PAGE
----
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LncRNA WT1-AS downregulates lncRNA UCA1 to suppress non-small cell lung cancer and predicts poor survival

Abstract

Background

LncRNA WT1-AS inhibits gastric cancer, while its role in other cancers is unknown. We investigated the role of WT1-AS in non-small cell lung cancer (NSCLC).

Methods

Sixty-six NSCLC patients (40 males and 26 females; 36 to 68 years old; mean age 52.7 ± 6.4 years old) were selected from the 178 NSCLC patients operated on for lung cancer between 2010 and 2013. RT-qPCR was used to analyze the expression of lncRNA. Overexpression experiments were performed to assess interactions between lncRNAs. CCK-8 assay was carried to evaluate the roles of WT1-AS and UCA1 in regulating cell proliferation. Cell invasion and migration assays were performed to assess the roles of WT1-AS and UCA1 in regulating cell invasion and migration. Western-blot was performed to illustrate the effect of WT1-AS and UCA1 in EMT.

Results

WT1-AS was downregulated in NSCLC and was correlated with poor survival. The expression of WT1-AS in NSCLC was not correlated with clinical stages. LncRNA UCA1 was upregulated in cancer tissues and inversely correlated with WT1-AS. Overexpression of UCA1 did not affect WT1-AS, while overexpression of WT1-AS led to inhibited expression of UCA1. Overexpression of UCA1 resulted in increased proliferation, EMT, migration and invasion of NSCLC cells, while overexpression of WT1-AS showed opposite effects. In addition, overexpression of UCA1 inhibited the role of overexpression of WT1-AS.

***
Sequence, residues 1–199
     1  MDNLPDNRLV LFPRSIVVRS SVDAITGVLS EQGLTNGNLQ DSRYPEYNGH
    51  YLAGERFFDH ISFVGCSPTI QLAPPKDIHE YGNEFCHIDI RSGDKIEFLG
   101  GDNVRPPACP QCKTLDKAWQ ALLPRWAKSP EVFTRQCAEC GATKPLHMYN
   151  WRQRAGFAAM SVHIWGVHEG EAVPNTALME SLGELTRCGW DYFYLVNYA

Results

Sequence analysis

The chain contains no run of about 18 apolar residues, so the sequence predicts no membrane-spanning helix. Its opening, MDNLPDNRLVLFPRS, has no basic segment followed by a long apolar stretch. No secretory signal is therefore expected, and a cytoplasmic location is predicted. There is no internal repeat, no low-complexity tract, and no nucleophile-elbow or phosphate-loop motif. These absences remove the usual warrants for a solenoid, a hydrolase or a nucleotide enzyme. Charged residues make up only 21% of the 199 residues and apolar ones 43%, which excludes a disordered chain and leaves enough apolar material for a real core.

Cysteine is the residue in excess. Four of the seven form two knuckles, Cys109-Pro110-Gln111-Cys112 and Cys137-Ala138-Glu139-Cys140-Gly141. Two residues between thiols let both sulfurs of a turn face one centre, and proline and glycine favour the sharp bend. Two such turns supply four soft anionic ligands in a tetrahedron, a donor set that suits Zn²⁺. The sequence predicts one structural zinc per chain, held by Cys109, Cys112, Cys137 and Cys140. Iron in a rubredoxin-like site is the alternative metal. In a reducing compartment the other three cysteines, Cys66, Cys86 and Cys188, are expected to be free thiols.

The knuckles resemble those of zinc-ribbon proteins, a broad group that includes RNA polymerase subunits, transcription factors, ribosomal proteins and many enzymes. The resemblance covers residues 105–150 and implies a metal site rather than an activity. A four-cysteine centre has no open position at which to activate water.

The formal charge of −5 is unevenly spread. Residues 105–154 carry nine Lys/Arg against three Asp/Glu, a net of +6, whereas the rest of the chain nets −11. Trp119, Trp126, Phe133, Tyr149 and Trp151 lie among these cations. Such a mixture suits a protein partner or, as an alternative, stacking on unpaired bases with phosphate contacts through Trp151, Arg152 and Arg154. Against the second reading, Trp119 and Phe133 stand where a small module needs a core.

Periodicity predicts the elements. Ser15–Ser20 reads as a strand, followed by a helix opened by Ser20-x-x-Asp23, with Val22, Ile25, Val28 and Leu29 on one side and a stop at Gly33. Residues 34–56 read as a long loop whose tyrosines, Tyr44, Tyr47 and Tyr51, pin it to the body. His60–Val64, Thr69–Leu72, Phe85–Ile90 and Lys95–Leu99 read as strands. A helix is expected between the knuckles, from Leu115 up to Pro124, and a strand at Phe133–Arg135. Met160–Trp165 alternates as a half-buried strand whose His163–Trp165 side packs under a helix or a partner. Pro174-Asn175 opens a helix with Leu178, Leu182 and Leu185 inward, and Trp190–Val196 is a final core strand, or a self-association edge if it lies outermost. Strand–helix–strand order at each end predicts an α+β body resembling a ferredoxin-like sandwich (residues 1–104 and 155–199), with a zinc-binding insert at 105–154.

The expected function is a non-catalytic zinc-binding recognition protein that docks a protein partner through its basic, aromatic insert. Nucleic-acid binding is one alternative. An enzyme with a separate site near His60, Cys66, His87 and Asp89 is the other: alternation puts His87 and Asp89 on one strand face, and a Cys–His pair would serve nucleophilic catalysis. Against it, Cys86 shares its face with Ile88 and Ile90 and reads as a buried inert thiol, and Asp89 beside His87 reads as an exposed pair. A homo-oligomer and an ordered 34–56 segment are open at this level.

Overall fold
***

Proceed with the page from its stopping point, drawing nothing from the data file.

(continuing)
Conclusions

Therefore, overexpression of WT1-AS may inhibit the cell proliferation and EMT to decrease cell migration and invasion of NSCLC cells by downregulating UCA1.

Peer Review reports

Background

Lung cancer has the highest incidence of all cancers worldwide [1]. Due to its aggressive nature, lung cancer is also responsible for a large number of cancer-related mortalities [2]. Non-small cell lung cancer (NSCLC) accounts for 85% of all lung cancer cases [3]. Clinical treatment of NSCLC is challenged by the fact that more than 70% of NSCLC patients are diagnosed at advanced or middle stages, with a low 5-year overall survival rate of less than 15% [4]. Smoking is closely correlated with NSCLC, while some never-smokers can also develop NSCLC, indicating the important roles of genetic alterations in NSCLC [5].

Accumulative studies have revealed lncRNAs (> 200 nt) are not “noise” or “background” of the transcriptome [6]. Instead, lncRNAs have critical functions in diverse cellular processes, including the development of different types of human cancer [7, 8]. Although lncRNAs do not encode proteins, they regulate the expression of genes at multiple levels, thereby participating in cancer biology [9]. Regulating the expression of cancer-related lncRNAs provides new insights into the development of cancer therapies [10]. Decreased expression levels of WT1-AS are closely correlated with the progression of gastric cancer [11], indicating its tumor-suppressive role in this disease. However, the function of WT1-AS in other types of cancer remains unknown. UCA1 is a well-studied oncogenic lncRNA in many types of cancer including NSCLC [12]. We performed a whole-genome lncRNAs analysis and found an inverse correlation between WT1-AS and UCA1 in NSCLC (data not shown). Therefore, this study was carried out to investigate the interaction between WT1-AS and UCA1 in NSCLC.

Methods

Patients and specimens